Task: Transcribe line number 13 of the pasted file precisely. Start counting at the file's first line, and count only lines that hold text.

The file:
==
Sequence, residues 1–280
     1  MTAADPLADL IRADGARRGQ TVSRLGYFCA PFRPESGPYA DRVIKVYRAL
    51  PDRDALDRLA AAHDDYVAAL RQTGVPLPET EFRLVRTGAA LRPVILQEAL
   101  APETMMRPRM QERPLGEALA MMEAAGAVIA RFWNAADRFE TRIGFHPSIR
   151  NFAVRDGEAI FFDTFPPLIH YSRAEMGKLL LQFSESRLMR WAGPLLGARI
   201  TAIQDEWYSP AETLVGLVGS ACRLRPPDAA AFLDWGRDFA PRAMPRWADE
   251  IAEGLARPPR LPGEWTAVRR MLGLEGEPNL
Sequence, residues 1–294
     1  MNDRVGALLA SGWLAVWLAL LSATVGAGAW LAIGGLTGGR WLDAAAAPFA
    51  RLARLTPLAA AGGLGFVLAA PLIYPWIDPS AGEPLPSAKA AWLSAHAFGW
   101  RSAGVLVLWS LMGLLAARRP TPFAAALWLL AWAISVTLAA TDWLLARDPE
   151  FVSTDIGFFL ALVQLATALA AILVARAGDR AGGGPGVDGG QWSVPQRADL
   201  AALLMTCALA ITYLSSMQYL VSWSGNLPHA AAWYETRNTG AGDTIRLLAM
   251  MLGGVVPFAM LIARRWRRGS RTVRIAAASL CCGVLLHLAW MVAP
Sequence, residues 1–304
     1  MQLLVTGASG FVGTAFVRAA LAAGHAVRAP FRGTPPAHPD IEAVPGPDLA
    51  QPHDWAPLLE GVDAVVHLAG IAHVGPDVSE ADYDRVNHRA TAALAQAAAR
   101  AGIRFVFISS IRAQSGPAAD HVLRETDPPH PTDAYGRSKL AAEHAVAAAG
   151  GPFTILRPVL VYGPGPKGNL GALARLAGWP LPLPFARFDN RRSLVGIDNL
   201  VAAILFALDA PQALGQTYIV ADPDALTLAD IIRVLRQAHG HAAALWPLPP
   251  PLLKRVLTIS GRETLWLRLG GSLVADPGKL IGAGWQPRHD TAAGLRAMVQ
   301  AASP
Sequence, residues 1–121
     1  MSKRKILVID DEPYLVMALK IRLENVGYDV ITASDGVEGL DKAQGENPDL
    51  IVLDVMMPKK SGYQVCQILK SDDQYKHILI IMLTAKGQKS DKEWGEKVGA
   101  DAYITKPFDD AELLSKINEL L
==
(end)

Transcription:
   201  AALLMTCALA ITYLSSMQYL VSWSGNLPHA AAWYETRNTG AGDTIRLLAM